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Discussion Starter · #1 ·
:) That[s why they THINK that their gun is ok. Ask Jerry mikulek how often his smiths sneak back to the factory (if he'll tell you the TRUTH, that is. ) He probably has a dozen of them on hand, and a dozen more at the factory.
 

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andy said:
:) That[s why they THINK that their gun is ok. Ask Jerry mikulek how often his smiths sneak back to the factory (if he'll tell you the TRUTH, that is. ) He probably has a dozen of them on hand, and a dozen more at the factory.
How would you know that, NUTTY JOHN?

Post your facts Scarecrow, or shut up ...

Even if he did have his guns going back and forth to the factory, he legally owns them because of his citizenship. He isn't a damned exconvict, on parole, like you are.

Your abject jealousy is showing TARD, he does things that you can only dream and fantisize about, because he's a citizen with an umblemished record.
 

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Gee, I use to just check for end play in the cylinder,or side-to side looseness.That would have been before firing the piece and noticing(painfully!)the lead splatter,shaving etc.All the more reason to never do the Hollywood @sshole thing where the wheelgunner flipsthe cylnder open& shut with a shake of the wrist.MAN that can seriously bend cranes out of alignment.
Another reason to wear them in rather than wear them out.Or let Bubba have at it for some special-ed.customizing.
 

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how would stupekid know? He is a SA Star POS Bowl Movement fan. He as admitted he can't hit shit past short range and has little skill at other arms.
 

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funny i always thought when a wheel gun went out of time it just couldn't hold a tune. if we are all so in need of enlightenment instead of taunting us with your knowledge. why don't you explain it there by giving those that are too shy to ask the information they crave.

sean
 

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Discussion Starter · #6 ·
The thing may never have been IN time, actually, or could have had one or more chambers drilled crookedly in the cylinder. If that part was ok, then the first thing to go is hand-wear, then ejector star, then cylinder bolt, then the bolt slots in the cycinder. If end shake or a split forcing cone didn't happen first (which is higly likely with lots of magnum loads.
 

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i agree with the wear patterns though i have never had the pleasure of seeing a split or cracked forcing cone (some of mine are merely eroded lol)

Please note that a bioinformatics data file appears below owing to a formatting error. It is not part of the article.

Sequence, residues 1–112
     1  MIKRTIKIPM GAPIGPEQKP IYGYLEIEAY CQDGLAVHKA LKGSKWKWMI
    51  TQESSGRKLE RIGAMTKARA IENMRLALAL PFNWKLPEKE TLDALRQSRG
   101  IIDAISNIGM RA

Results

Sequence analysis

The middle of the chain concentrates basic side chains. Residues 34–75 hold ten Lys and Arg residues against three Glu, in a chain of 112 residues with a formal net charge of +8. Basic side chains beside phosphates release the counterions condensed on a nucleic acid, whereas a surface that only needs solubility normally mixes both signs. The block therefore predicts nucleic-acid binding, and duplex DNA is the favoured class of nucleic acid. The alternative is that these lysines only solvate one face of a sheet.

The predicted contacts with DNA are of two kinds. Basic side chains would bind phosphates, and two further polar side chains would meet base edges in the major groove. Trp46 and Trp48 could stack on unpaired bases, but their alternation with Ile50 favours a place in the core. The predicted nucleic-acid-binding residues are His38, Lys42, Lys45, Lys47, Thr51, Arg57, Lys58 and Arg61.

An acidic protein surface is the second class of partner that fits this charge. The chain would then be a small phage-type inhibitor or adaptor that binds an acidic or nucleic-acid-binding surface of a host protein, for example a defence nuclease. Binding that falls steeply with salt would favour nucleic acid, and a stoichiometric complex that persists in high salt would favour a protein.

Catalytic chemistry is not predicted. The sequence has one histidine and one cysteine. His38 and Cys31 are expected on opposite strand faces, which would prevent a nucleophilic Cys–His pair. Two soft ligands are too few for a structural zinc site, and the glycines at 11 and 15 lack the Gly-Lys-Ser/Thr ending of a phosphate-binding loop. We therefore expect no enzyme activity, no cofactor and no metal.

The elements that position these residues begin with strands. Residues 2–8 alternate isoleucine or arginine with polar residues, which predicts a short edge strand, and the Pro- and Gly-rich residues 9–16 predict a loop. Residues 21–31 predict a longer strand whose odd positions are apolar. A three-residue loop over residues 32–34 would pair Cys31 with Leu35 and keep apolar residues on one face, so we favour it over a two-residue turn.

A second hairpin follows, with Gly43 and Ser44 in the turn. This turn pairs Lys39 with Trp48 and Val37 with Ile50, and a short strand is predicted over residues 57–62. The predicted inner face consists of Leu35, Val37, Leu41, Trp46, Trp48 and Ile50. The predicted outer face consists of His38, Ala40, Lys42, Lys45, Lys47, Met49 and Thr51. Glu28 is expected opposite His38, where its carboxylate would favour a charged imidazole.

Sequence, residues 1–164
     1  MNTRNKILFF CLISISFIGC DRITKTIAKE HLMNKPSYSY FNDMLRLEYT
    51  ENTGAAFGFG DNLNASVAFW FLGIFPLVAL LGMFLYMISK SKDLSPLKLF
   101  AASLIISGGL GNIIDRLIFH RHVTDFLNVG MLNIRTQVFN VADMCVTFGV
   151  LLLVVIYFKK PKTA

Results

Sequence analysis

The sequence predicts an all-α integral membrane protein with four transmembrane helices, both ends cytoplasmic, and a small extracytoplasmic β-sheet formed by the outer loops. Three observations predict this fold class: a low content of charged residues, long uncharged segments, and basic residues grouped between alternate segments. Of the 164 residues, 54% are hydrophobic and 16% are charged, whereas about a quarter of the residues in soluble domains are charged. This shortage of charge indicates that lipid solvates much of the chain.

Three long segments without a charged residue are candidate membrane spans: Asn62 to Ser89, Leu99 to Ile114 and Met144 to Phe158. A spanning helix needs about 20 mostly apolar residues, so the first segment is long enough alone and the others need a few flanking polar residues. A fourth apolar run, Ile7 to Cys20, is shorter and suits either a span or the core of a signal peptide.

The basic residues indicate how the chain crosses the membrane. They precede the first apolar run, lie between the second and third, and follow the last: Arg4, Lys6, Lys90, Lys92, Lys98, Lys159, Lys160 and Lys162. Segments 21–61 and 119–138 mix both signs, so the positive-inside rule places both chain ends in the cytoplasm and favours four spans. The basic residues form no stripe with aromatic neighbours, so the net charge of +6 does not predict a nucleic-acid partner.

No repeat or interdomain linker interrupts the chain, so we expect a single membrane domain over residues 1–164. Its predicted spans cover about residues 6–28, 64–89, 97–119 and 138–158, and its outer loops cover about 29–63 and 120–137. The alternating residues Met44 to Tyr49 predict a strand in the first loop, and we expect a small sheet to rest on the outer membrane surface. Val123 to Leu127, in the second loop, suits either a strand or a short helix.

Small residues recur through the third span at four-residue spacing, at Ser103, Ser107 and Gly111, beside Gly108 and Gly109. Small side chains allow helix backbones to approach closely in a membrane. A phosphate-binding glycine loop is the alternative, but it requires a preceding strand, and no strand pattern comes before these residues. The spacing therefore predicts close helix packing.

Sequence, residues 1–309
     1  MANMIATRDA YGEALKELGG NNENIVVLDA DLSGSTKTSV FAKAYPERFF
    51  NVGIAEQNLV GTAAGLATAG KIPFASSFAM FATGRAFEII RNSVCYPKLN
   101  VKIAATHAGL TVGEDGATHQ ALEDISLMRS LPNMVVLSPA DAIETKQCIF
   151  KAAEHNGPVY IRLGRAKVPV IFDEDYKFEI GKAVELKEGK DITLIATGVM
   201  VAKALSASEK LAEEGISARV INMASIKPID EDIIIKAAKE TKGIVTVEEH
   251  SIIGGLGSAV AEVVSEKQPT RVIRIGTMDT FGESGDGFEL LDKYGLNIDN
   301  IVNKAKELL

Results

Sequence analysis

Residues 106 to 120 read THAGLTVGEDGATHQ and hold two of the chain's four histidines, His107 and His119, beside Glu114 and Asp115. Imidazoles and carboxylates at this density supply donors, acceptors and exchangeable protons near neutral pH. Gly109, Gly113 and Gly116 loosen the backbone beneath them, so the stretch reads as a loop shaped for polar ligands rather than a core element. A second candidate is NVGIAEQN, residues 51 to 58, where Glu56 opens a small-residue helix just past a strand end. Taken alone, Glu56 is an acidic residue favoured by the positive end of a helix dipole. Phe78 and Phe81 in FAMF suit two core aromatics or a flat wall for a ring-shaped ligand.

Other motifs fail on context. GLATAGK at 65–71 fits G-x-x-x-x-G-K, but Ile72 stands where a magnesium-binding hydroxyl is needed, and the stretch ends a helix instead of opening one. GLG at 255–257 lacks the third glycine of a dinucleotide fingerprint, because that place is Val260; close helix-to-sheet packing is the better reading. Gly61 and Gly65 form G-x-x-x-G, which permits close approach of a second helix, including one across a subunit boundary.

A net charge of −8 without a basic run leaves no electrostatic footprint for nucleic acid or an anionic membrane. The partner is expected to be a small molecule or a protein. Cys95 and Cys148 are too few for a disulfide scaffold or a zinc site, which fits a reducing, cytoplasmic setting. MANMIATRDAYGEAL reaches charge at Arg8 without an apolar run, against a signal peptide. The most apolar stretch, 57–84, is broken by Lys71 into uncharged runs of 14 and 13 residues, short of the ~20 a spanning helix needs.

would you be willing to give us a step by step on the way to check these?
suck as how to tell if the ejector is worn, or the hand has worn beyond spec ect.
sean
 

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Discussion Starter · #8 ·
First thing is to bring a bit of friction against the side of cylinder, with a bit of pressure from a finger slowly thumb cock the hammer. After full cocked, try to rotate the cylinder further, by hand. If it moves even a little bit further, you have wear, and it's usually in the hand. It's usually fixable with a bit of heat and some peening of the front end of the hand. The other stuff is harder to diagnose, need a range-rod, basically, and even then, you are just guessing, in many cases.
 

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So whats this "range rod", I'm here to learn, please tell me what it is. I've never heard of it before?
 

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andy said:
First thing is to bring a bit of friction against the side of cylinder, with a bit of pressure from a finger slowly thumb cock the hammer. After full cocked, try to rotate the cylinder further, by hand. If it moves even a little bit further, you have wear, and it's usually in the hand. It's usually fixable with a bit of heat and some peening of the front end of the hand. The other stuff is harder to diagnose, need a range-rod, basically, and even then, you are just guessing, in many cases.
If you are talking about S&W revolvers, you're completely wrong about how to go about checking cylinder play.

To put it into full lock up you must pull the trigger, slowly letting the hammer down rather than letting it snap shows the current owner that you respect his gun, and HOLD the trigger back, then and only then can you check for cylinder play.
 

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Actually tard is correct on how to see of it is out of time. That is the same method I learne dfrom Ron Power. A range rod is basicly a land diamenter rod that you can drop down the bore. Should just be a slip fit. If it hits the cylinder face and does not enter the cylinder then you also have alingment problems.
 
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